On Sunday, worshipers came and went, each passing within a few feet of Donald. Did they not wonder about the unexpected deposit in the empty hallway?

Days passed and nobody came for him. On the fourth day, Donald and I headed down to the church office to sort things out. Disaster was narrowly averted when Donald’s heft caused the sharp corners of his box to pierce the flimsy gray bag. I caught him before he fell and exploded in the stairwell.

The pastor and the secretary looked surprised to see Donald. Operating on the assumption that he or a family member had once attended the church, they conducted a little research. This is what they learned: Nothing. Donald had no discernible connection to the church at all. The staff scratched their heads and began researching the proper disposal of human remains.

I had had a cancellation, so I decided to do a little sleuthing of my own.

I was curious about Donald–Donald I. W., to be exact. From the label attached to his little box, I knew when he had come into the world and when he had left it. I even knew the date and location he had been placed in the furnace. I felt somehow embarrassed to know these intimate facts.

D.I.W. Urn Photo

This is what I concluded: Donald had lived with family 1.7 miles from the church. He has surviving family members in the area, including an older brother, now 70, still living in said family home. Either his relations are terribly poor or they don’t give a rat’s ass what becomes of him. Someone had sneaked into the building and abandoned Donald just as one would an unwanted infant.

When I consider Donald’s humiliation, I am overcome with gratitude for the generosity and only slightly deformed goodness which is growing up within and between me and my kin.

Maybe I should not be quite so hard on Donald’s family. They probably deserve some credit for choosing a church over a dumpster.

Red-Letter Profession

Monster copy

Image credit here.

Whole months have rushed by. I have been working harder and keeping busier than I would like. This season of labor feels necessary and therefore regret-free.

I can be a bit of a workhorse. Tackling challenges often invigorates me. But an excess of work without the benefits of regular exercise and restorative solitude is numbing. Add to that picture my recent lapse in the practice of spiritual disciplines, and the result is a high-functioning sleep walker. At least until the lights go out. That’s when the monsters come out to play.

Last night, I dropped into bed sleep-deprived and fighting a virus. As soon as my breathing settled and I drifted off to sleep, the monsters kicked open their cage and ran amok. I saw them from the insides of my eyelids and felt their scratchy nails as they raced circles around my brain. They yanked down my lids and released, snapping them open like window shades. The creatures moved next to my chest and began their vigorous warm up. They were planning a protest march, and they wanted to make sure I was awake to appreciate it.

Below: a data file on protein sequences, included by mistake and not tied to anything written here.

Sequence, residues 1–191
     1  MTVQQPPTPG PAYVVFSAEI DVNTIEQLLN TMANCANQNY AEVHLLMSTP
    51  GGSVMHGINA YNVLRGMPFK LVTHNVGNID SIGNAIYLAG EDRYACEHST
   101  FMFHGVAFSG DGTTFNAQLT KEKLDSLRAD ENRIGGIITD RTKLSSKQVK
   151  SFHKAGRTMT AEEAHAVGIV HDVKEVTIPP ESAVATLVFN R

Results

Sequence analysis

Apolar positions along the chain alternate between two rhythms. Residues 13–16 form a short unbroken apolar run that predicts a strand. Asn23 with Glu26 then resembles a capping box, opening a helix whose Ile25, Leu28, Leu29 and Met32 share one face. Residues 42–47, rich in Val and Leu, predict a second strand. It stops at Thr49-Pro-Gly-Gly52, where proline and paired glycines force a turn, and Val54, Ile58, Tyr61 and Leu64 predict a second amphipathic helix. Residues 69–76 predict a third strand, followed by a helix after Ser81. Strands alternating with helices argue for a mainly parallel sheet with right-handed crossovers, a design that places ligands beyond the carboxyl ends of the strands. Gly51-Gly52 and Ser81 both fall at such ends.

The monsters had demanded my attention many times in recent weeks but I had tossed them Facebook, Netflix, and coffee and told them to shut the hell up. I should have known better. I can handle one or two small monsters with no more than a few mild abrasions. It’s a wrestle-and-release scenario, much like fishing for sport. I definitely should have known better than to ignore them for so long. The fiends had grown to a frightening size and multiplied unchecked.

Have you ever faced an army of chanting monsters? I hope you will be spared. They are shrill, tone deaf, and lacking in rhythm. The only part they can reliably perform is the chorus. They have that down.

They sound something like this:

You are going crazy and your arms are flabby and you are going crazy and you are a bad supervisor and you are going crazy and you haven’t folded the towels and you are going crazy and you forgot to refrigerate the milk and you are going crazy and your shower is moldy and you are going crazy.

If you try to ignore them, they just get louder:

You are going crazy and you will get cancer and you are going crazy and your mother is going to die and you are going crazy and you will have to work forever and you are going crazy and your children will suffer and you are going crazy and you will get bedbugs and you are going CRAZY!

I crawled out of bed, turned on the light, and retrieved my Bible. Henry was out of town so I didn’t have to worry about waking him. I randomly opened to the book of Mark and began reading. The monsters did not like this.

I read the words in red, Jesus’ words. I rested my palm on top of them. I don’t know why I did this.

Across time and space, I felt his breath and heard the words from his lips. I thought about “the Word made flesh” (John 1:14). In defiance of all logic, we were sitting on my bed palm to palm, Jesus and I. I borrowed his strength to wrestle and release each monster. Jesus and I talked for a while, and I drifted off to sleep.

Think what you must. I am not going crazy.

Weekend at Mom’s – or – She Ain’t Goin’ Gentle

What would we do without our mothers? copy

Everybody needs a mom. Image credit here.

Day I

Mom greets me at the door with life-changing news: She has ordered green-lipped mussel oil!

“Larry King uses it.”

Mom’s intentions are golden. She is going to cure a family member of a chronic illness. She has found the solution the doctors have missed. I am to learn all about the oil from her and then deliver it to the intended recipient along with the proper instructions.

We sit together, and I listen.

“Here, read the booklet.”

I read the booklet. I open the jar and sniff. I think about popping a capsule into my mouth and biting it when a vision intrudes, and I change my mind. A sea of terrified faces implores me with countless sets of tiny green lips. The word “lips” has personalized the creatures whose juices I am about to suck.

“And it comes with this DVD.”

“Well, that is very thoughtful of you, Mom.”

“All the way from New Zealand!”

“I see.”

“Now make sure Susan takes the oil each day for 30 days so I can call and have the next shipment cancelled if it doesn’t help. Well…they might have already sent the second shipment by then, so I would just have to cancel the third one. I gave them my credit card, you know.”

“Have you mentioned this to Susan? I really think you should discuss this with Susan.”

“They say 4-6 capsules daily for the first 30 days but I think that’s too much. Just tell her to take 2-4.”